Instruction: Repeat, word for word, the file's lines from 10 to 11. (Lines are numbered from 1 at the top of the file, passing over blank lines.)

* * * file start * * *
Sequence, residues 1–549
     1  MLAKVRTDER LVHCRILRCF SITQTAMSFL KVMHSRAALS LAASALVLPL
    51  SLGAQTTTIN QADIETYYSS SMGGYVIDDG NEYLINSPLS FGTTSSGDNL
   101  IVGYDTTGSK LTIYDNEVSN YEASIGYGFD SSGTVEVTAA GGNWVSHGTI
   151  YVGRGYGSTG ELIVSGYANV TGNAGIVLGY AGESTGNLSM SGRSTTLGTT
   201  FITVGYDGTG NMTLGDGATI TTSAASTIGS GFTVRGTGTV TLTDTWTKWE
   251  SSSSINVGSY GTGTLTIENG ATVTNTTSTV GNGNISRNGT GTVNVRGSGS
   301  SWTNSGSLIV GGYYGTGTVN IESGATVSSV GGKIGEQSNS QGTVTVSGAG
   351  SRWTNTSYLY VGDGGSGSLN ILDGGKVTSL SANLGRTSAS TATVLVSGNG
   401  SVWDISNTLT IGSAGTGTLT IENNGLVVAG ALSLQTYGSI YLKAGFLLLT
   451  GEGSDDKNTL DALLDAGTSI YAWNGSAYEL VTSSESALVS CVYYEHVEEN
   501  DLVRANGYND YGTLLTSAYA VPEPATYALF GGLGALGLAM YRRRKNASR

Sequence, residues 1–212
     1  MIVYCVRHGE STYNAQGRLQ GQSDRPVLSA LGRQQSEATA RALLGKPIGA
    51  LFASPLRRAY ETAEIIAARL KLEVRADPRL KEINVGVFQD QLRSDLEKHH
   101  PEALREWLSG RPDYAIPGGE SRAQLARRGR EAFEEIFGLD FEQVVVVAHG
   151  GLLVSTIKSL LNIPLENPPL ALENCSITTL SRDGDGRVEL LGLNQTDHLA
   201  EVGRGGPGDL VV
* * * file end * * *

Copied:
   401  SVWDISNTLT IGSAGTGTLT IENNGLVVAG ALSLQTYGSI YLKAGFLLLT
   451  GEGSDDKNTL DALLDAGTSI YAWNGSAYEL VTSSESALVS CVYYEHVEEN